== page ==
(Photos) Insight Astronomy contest winners

Although the weekend is already upon us, I still have to end this post with a song. Interestingly, this blog shares a birthday with one of my long-time favorites. Hope all is well with you, and in the words of Garrison Keillor, Be well, do good work, and keep in touch.

Opinions in the Shorts: Vol. 312

Earlier this week we sent to the theater to see Star Trek Beyond. My thoughts include the following:

  • Entertaining
  • Interesting story
  • As science fiction, certain events hard to believe
  • Thumbs up to the various tributes to the original stars
  • Loved the animated images at the end

HGTV fans know the Property Brothers are very popular – but I had no idea that Fixer Upper has twice as many viewers as Drew and Jonathan.

The beginning of the Summer Olympic Games in Rio de Janeiro is a few weeks away. Meanwhile, the International Olympic Committee has a way of demonstrating it is a bunch of egotistical buffoons.

Baseball’s trading deadline is approaching, so I have a trade suggestion for my Cincinnati Reds: trade management and ownership for a dozen fungo bats, 100 new baseballs, 50 used rosin bags, and a box of rocks to be determined later.

Daal @ Happiness Between Tails invited me to do a guest post about ballroom dancing. I invite readers here to visit the post. Daal, thanks for asking. Here’s the post.

I have a family obligation this coming week, so I won’t be posting – and I question if I will have any presence elsewhere.

No Explore post this weekend.

I’ve never been a fan of DNC Chair Debbie Wasserman Schultz (D-FL), so count me in as one in the good-riddance camp. Meanwhile, this incident works against the party nominee.

Hillary Clinton’s selection of Sen. Tim Kaine (D-VA) was a predictable, safe pick. On the other hand, I’m not sure how much it appeases the progressive wing of the Democratic party. He has impressive credentials, but doesn’t strike me as the attack-dog type and he is a bit dull.

This comment makes sense to me: When someone makes a choice based on the lesser of two evils, they still select evil.

I finally got around to watch the CNN Town Hall event with the Libertarian presidential slate: Gary Johnson and Bill Weld … It bored me and I think they missed a golden opportunity to get people’s attention.

I like good political speeches – actually in either party. However, the political climate of recent years has worn thin on my enthusiasm for a good speech … so I didn’t watch the Democratic convention, but I did see several minutes of President Obama’s speech because my wife was watching.

I see conventions as a 4-day infomercial to inspire the partisans – and fortunately is great for the fact checkers because politicians and their parties frequently are inaccurate. Because the partisans are the target, the audience doesn’t care.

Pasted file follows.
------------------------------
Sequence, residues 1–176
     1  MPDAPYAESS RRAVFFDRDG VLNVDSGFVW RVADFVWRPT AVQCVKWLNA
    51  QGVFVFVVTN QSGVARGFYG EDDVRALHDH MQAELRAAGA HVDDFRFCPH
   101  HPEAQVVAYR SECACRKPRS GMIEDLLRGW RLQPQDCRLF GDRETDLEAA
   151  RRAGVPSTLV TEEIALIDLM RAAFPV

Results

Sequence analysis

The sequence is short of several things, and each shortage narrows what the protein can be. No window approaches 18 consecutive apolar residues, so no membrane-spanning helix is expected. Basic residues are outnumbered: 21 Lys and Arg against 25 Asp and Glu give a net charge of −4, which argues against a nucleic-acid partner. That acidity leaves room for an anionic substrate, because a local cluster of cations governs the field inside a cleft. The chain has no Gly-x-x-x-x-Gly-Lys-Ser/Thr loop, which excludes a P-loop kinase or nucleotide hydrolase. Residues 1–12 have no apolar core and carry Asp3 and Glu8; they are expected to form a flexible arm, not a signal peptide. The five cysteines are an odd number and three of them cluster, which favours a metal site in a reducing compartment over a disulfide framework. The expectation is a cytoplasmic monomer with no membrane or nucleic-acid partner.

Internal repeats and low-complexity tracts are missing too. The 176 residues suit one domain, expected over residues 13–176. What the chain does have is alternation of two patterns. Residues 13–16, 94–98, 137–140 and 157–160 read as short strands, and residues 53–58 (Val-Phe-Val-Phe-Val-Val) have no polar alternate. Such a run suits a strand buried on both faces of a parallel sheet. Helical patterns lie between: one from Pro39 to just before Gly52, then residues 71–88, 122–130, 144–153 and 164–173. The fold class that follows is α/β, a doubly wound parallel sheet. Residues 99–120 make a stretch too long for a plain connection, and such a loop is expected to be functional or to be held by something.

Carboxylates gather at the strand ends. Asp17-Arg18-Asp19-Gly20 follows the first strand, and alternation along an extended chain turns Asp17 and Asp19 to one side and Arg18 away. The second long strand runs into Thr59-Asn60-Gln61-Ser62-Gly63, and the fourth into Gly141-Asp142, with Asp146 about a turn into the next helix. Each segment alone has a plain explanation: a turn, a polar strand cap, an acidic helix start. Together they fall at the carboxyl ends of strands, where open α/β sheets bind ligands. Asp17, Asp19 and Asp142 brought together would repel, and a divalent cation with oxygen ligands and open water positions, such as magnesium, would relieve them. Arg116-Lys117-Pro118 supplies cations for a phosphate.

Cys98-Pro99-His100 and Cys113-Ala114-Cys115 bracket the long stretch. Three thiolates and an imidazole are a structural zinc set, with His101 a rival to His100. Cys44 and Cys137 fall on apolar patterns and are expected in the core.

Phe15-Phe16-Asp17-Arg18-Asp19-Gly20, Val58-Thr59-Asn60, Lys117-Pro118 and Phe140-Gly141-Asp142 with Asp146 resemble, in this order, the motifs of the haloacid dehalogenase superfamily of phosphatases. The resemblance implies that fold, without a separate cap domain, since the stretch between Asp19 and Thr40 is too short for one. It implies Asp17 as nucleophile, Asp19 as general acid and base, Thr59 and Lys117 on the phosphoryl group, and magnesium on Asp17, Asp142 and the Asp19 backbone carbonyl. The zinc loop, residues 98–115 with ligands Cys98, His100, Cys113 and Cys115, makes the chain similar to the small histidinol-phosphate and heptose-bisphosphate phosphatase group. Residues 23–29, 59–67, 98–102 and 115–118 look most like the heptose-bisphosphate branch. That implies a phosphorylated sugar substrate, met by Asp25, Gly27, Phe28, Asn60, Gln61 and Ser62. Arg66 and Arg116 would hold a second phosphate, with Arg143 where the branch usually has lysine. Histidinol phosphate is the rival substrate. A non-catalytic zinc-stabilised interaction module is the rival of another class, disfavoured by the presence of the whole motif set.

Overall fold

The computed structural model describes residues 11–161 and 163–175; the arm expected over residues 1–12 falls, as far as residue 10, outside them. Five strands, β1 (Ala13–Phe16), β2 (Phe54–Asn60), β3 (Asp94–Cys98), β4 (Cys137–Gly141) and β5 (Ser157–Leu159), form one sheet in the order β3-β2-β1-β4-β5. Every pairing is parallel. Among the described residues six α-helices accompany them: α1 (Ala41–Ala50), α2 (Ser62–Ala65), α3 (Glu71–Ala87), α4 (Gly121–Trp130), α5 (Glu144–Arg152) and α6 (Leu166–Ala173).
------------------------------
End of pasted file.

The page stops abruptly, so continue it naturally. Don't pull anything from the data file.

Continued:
With a variety of email scandals currently on the table, it’s interesting that Republicans continue to talk about Russians hacking Clinton’s private servers, whereas the FBI report stated “no evidence” of a successful intrusion since 2009 but that intrusion was “possible”.

Research shows that 92.683% of problems today are directly linked to Presidents Roosevelt (FDR), Clinton, and Obama.

President Obama’s Five Faults of the Week

  • Russia’s state sponsored doping program for athletes
  • Sen. Ted Cruz not endorsing Donald Trump
  • Donald Trump reaching out to Russian hackers
  • The way people dress at Wal-Mart
  • The dismal season of the Cincinnati Reds

Bonus Coverage of the Democratic Convention by The Onion

  • Supporters Aggravated Bernie Sanders Didn’t Use DNC Speech To Get Voters To Act Against Their Own Self-Interest
  • Convention Crowd Really Hoping Bill Clinton Breaks Tension With Joke About How Terrible He Looks
  • Lone Superdelegate Voting For Martin O’Malley Feels Like Total F*#&ing Idiot
  • Depressed, Butter-Covered Tom Vilsack Enters Sixth Day Of Corn Bender After Losing VP Spot
  • Area Man Responds, “That makes sense” after being told the crowd isn’t chanting “Four more ears.”
  • Cannon Overshoots Tim Kaine Across Wells Fargo Center
  • Clinton Campaign Thanks Volunteers For Killing Millions Of Gnats In Hillary’s Bus
  • Biden Chokes Up While Describing Hardworking Americans Who Can Only Afford Shitty Ditch Weed

To let you into this week’s dose of satirical headlines, The Onion offers these tips for throwing the perfect bachelorette party.

Weekly Headlines from The Onion (combos welcome)
Man Checks To Make Sure No One Home Before Recording Song Into Laptop
Determinist Insurance Company Insists All Conditions Are Preexisting
Aquatic Turtle Discovers Limits Of Tank For 43,000th Time
Ellis Island Visitor Honored To Finally See the Location Where His Grandfather Was Deloused
Man Entirely Different Misogynist Online Than In Real Life

Interesting Reads
Mandatory education for adults
The evolution of turtle shells
History of clear sodas
The effect of full-time work on the brain
Life and quantum physics
(Photos) Soviet relics

To send you into the weekend, here’s a song from 1983. I didn’t high on the charts, but I like it. Have a safe weekend and in the words of Garrison Keillor, Be well, do good work, and keep in touch.

Opinions in the Shorts: Vol. 311

Summer is at full throttle in my area as we are in the throws of heat and humidity. Although I realize those to the south have more humidity, I hate this type of weather.